Paul’s Market Comment – The Bank of England Cuts Base Rate to 0.25%

As I am sure you have heard, the Bank of England has finally broken its seven-year record and cut its base rate to 0.25% in response to economic uncertainty caused by the EU referendum result.

The Bank has been hinting that it was going to cut rates for some time, so this move will not be a huge surprise to the markets.

Over the past year, the feeling was that the first move in rates would be upwards, so this highlights how much can change in such a short time.

The package of policy made by the MPC consists of:
• A cut in Bank Rate from 0.5% to 0.25%
• New gilt purchases of potentially up to £100bn
• Corporate bond purchases of £10bn
• And a new Term Funding scheme to provide cheap funds to banks

Together, these measures should meet or even exceed market expectations after July’s let-down, however, it has been suggested that a policy loosening will have no impact on the economy and could even adversely affect confidence. But the Committee clearly decided otherwise, with all members voting for the rate cut.

These measures send a strong signal that the MPC is prepared to look through the inflationary consequences of the post-referendum drop in the pound and to focus instead on supporting sentiment and activity.

If we look ahead over the next two years, the MPC’s new forecasts included in the August Inflation Report show a big downgrade to GDP growth in 2017 from +2.3% to +0.8% but a recovery to +1.8% in 2018. Inflation is expected to be above the 2% target at the normal two-year time horizon but in the current highly uncertain environment, these forecasts are not a highly useful guide to future policy changes. If the economy continues to lose strength, the MPC will come under pressure to act again.

So, what could these changes mean for landlords and their investment in the London property market? Since Brexit, market reports have indicated London property currently remains stable particularly as the market is currently driven by demand from overseas property buyers, and these buyers will be an indirect beneficiary of today’s cut. Interest rate cuts have in the distant past triggered a fall in the value of the Pound – already battered since the Brexit vote – making UK property prices appear better value.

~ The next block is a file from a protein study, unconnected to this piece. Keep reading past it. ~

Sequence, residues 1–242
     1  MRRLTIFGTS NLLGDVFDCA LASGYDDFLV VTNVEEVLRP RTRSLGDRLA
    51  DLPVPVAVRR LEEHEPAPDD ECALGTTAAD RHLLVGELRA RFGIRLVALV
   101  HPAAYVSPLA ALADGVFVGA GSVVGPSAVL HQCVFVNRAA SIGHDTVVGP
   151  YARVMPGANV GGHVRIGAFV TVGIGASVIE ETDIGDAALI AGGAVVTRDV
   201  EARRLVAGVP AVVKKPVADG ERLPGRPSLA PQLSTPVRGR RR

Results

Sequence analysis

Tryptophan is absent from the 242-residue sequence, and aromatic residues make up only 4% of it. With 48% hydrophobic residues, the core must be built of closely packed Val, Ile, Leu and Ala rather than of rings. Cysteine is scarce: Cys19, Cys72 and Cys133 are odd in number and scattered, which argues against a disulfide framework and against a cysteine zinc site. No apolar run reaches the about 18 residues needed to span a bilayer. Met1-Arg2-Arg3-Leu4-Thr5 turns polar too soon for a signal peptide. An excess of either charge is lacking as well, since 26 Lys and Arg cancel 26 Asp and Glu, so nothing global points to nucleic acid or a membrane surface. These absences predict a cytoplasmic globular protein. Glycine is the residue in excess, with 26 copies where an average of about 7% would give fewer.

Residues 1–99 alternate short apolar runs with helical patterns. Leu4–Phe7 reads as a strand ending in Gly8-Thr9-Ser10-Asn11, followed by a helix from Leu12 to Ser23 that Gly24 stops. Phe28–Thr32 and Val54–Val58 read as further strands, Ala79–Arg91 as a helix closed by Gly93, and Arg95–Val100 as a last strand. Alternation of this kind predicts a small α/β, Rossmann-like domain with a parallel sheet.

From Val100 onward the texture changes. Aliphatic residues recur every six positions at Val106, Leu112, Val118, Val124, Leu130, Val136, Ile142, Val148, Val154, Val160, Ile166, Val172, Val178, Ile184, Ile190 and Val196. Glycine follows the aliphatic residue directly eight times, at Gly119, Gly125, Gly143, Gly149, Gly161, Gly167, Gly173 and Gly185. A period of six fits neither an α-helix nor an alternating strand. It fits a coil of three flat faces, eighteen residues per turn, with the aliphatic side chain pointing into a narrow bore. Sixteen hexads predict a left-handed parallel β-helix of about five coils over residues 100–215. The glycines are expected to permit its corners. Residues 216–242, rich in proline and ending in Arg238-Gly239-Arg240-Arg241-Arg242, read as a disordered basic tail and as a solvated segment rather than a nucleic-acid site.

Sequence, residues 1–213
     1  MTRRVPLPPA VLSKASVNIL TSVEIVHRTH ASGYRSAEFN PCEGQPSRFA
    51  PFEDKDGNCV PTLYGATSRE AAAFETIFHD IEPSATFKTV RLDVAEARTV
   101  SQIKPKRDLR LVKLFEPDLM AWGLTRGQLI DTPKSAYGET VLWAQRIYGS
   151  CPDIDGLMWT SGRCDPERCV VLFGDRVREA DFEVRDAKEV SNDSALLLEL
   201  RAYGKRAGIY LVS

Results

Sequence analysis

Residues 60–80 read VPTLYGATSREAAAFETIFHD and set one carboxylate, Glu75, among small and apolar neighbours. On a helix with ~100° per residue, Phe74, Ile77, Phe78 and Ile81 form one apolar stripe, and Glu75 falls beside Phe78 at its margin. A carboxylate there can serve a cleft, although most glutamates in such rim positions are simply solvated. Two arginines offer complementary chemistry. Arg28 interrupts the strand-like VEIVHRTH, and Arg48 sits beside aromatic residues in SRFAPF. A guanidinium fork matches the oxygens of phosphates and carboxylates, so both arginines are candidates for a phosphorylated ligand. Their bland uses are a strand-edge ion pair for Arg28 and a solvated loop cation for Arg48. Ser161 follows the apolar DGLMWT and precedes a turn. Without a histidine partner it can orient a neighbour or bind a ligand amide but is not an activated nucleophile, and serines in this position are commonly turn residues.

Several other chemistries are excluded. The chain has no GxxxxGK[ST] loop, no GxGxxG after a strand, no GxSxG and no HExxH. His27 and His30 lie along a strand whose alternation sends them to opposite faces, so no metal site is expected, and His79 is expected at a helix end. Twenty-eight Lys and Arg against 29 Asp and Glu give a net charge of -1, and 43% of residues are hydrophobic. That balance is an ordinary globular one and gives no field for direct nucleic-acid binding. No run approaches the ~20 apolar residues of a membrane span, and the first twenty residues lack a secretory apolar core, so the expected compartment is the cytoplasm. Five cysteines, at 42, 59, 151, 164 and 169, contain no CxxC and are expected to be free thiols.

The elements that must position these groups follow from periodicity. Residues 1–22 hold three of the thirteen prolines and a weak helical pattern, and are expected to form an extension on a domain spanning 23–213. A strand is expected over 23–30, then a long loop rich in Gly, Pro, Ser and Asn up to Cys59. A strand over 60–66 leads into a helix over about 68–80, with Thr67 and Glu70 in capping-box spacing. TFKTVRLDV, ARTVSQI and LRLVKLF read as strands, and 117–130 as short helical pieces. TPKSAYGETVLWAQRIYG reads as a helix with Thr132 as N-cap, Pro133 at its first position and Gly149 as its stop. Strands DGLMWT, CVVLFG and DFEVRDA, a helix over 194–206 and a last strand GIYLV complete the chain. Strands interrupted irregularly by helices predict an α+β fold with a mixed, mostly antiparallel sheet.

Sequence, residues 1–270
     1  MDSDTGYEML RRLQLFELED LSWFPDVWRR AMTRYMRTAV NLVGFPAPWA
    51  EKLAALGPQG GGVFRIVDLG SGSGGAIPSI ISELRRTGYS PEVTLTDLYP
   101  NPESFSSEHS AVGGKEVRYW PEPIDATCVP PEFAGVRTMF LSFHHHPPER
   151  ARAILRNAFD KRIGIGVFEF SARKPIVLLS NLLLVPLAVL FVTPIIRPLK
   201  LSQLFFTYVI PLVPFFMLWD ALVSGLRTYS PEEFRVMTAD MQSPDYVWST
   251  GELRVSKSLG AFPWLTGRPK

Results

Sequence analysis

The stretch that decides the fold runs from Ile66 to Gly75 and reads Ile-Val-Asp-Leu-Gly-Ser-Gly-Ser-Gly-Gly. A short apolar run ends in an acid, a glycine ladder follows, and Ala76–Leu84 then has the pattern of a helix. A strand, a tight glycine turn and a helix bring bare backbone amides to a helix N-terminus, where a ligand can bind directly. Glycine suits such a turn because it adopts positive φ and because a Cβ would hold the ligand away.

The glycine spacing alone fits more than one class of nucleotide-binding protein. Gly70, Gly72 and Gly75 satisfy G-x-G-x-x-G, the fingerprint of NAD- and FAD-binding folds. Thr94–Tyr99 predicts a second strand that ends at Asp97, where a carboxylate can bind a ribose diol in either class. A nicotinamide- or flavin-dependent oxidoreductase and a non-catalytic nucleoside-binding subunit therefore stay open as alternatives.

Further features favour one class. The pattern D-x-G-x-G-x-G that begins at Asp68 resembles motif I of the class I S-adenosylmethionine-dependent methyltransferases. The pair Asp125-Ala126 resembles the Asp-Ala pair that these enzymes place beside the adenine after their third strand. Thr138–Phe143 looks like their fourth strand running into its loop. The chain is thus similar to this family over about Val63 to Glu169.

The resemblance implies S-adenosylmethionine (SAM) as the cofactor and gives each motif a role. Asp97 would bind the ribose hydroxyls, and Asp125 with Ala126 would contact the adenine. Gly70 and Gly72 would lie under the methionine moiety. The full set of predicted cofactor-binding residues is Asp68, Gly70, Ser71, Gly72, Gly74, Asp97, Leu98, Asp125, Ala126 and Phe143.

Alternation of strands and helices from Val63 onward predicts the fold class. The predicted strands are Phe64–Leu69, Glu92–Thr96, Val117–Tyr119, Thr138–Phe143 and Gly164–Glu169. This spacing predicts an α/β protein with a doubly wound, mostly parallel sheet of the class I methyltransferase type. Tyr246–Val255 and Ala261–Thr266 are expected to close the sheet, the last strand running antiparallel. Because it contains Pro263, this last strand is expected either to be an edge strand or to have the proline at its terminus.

Mortgage borrowers should check if they have a variable rate deal directly linked to the base rate. Only these homeowners are guaranteed to feel the effect of today’s rate cut on their mortgage payments at the end of the month.

We feel that the rate reduction will encourage people to spend and not save, therefore boosting the economy even further. People with tracker mortgages will benefit and people who are renewing their mortgage may see a change in interest rates.

The rate cut is unwelcome news for holders of cash, while investors in gilts and corporate bonds have received a boost. The measures are broadly supportive of markets, which will benefit pro-risk positioning in client portfolios. This adds to the challenge for investors seeking income who will need to take on some additional risk in the search for alternative sources of return to gilts.

We believe that assets such as corporate debt and dividend-paying equities will, alongside UK commercial property, fill most of the gap. In the meantime, the MPC’s actions will continue to support a positive environment for equities and help maintain economic stability.

This can only be good news for investors.

If you would like to review your borrowing options or have any questions, please do get in touch  with our team who will be happy to assist you. Contact details can be found below:



At Century Capital we specialise in providing the best possible service for arranging fast, non-equity based short term bridging loans which are individually tailored to each client’s specific needs.

We would be delighted to discuss how we can assist you so please get in touch with our Mayfair office on 0207 495 9191 or email us at  and a member of our experienced team will be back in touch with you very shortly.

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